As widely expected, the Fed decided yet again not to raise interest rates on Wednesday at the end of its fifth scheduled FOMC meeting of the year.
The important thing to note from the FOMC statement is that there are signs that the Fed is preparing to hike rates, perhaps at its next meeting in September (if you believe the Fed isn’t waiting to after the election). The first sign is in the first sentence of the statement. Below is the first sentence from the June statement:
Information received since the Federal Open Market Committee met in April indicates that the pace of improvement in the labor market has slowed while growth in economic activity appears to have picked up.
Below is the first sentence from today’s statement:
Information received since the Federal Open Market Committee met in June indicates that the labor market strengthened and that economic activity has been expanding at a moderate rate.
As you can see, the Fed’s perception of the labor market and economic activity have improved. Bill McBride of the Calculated Risk Blog said in his FOMC preview post that such a change would suggest that the “FOMC is probably preparing - if the improved data flow continues - to raise rates in September.”
The second sign that the Fed is preparing for a rate hike was the addition of the following sentence:
Near-term risks to the economic outlook have diminished
This appears to be an acknowledgement that the Brexit vote in June didn’t have an immediate impact to the US economy.
Finally, one of the FOMC members voted against holding rates steady. According to the statement:
Esther L. George, who preferred at this meeting to raise the target range for the federal funds rate to 1/2 to 3/4 percent.
George didn’t vote against holding steady in June. She did vote against holding steady in March and April so this change doesn’t mean a September rate hike is a sure thing. However, it’s another sign that a September rate hike is a possibility.
It appears that the Fed funds futures also see in the FOMC statement an increased chance of a rate hike for later this year. From late yesterday to today, the implied probability of a September rate hike has increased from 22% to 25%, and for a December rate hike, it has increased from 45% to 50%.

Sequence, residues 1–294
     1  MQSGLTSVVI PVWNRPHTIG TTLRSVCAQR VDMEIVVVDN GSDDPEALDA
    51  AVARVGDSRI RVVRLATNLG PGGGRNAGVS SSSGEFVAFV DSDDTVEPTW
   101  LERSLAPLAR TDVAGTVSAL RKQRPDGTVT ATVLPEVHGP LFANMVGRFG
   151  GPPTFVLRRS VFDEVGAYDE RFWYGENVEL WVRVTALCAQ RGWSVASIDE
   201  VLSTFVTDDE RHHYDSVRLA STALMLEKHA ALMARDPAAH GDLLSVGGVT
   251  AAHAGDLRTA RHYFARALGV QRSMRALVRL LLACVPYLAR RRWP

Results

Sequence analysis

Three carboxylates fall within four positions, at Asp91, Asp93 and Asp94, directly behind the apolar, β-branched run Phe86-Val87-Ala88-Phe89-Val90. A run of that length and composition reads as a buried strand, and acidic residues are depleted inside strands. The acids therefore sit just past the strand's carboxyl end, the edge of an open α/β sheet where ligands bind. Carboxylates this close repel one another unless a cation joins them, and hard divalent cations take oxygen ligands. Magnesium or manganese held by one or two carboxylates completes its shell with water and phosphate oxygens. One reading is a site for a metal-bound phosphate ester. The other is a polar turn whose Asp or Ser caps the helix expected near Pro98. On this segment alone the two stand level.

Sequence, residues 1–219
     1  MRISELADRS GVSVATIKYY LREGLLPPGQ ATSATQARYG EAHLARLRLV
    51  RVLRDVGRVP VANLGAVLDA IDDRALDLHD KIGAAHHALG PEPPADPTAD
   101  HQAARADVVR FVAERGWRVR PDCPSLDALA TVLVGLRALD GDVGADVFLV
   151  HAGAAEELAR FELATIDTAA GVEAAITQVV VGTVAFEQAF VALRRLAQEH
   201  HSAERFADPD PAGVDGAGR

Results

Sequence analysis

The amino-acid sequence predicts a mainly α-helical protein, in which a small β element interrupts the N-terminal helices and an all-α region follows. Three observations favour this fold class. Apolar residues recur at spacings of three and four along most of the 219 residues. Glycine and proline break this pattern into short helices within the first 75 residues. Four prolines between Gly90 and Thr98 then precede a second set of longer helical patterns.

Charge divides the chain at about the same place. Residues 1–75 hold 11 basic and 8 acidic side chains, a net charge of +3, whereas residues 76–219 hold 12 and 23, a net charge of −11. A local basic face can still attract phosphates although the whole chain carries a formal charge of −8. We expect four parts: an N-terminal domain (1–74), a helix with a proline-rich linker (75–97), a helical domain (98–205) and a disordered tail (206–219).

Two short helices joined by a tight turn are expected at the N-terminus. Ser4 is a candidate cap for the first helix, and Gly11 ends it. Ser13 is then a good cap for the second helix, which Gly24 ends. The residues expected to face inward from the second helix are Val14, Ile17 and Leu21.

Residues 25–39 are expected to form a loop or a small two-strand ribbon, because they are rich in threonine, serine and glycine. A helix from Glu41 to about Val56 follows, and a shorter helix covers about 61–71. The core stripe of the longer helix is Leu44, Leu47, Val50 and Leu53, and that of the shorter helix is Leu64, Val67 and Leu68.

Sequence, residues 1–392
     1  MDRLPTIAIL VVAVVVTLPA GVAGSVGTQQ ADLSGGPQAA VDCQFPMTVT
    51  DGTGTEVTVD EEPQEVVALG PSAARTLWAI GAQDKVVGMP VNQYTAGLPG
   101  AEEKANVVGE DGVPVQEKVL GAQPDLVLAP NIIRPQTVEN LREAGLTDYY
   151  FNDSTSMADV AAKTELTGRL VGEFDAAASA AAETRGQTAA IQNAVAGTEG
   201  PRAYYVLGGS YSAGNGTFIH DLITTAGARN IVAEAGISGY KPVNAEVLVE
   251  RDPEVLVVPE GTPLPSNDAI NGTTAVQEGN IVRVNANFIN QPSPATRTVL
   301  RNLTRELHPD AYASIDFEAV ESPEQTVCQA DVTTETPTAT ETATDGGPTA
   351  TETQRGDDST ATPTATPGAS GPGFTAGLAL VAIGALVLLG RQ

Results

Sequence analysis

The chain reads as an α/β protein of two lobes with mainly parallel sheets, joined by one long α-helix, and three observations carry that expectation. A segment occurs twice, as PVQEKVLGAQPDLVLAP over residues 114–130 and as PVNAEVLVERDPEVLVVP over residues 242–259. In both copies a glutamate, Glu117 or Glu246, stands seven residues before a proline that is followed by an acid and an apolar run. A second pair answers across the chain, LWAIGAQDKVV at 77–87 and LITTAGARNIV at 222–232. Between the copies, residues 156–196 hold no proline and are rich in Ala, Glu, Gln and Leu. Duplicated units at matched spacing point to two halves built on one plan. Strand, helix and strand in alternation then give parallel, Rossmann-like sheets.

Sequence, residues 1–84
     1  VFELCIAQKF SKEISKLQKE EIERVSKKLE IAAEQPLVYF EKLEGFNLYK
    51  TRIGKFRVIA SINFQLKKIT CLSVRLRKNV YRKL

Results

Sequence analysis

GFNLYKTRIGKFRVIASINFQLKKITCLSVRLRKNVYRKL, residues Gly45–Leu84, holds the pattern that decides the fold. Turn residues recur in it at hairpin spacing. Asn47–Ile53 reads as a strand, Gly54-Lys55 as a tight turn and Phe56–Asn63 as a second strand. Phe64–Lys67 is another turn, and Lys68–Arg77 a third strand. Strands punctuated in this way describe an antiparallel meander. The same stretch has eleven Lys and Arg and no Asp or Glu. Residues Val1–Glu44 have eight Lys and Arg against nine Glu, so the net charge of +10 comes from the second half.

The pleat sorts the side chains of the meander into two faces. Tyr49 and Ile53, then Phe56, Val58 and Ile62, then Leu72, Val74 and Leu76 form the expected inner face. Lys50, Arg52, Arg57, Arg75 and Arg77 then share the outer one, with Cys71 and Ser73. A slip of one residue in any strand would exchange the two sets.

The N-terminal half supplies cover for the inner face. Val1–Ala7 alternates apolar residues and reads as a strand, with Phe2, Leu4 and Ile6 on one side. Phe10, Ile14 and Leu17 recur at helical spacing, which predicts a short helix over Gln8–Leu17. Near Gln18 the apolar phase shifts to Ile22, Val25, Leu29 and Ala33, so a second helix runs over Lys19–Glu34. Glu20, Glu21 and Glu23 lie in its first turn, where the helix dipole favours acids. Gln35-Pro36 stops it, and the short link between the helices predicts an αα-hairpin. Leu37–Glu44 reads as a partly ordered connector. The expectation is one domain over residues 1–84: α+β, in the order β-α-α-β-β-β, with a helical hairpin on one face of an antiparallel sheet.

Deposit Account Strategies
I still think banks are unlikely to move much on deposit rates until we see another Fed rate hike. The December 2015 Fed rate hike didn’t help deposit rates. In fact, long-term CD rates are lower now than in December.
The next Fed rate hike should have more of a positive impact since it will indicate that the December rate hike wasn’t just a one-time event. To see how past Fed rate changes have impacted deposit rates, please refer the blog post, “How Do Consumer Deposit Rates Track with Fed Rate Changes?”.
For savers, this is yet another example of how gradual rate hikes will be. Even if the economy improves as the Fed expects, rate hikes will still be gradual. As we have seen so many times, it doesn’t take much bad economic news for the Fed to go even slower on its rate hikes.
Based on what we’ve seen with the Fed, it may not be wise to give up on long-term CDs and CD ladders. If you are worried about being stuck in low-rate long-term CDs as rates rise, you may want to put more focus on 5-year CDs with mild early withdrawal penalties. Another option is a barbell CD ladder with internet savings accounts and/or reward checking accounts. I have more details on these strategies in my article, Deposit Account Predictions and Strategies for 2016.
Future FOMC Meetings
The next three FOMC meetings are scheduled for September 20-21, November 1-2 and December 13-14. The September and December meetings will include the summary of economic projections and a press conference by Fed Chair Yellen.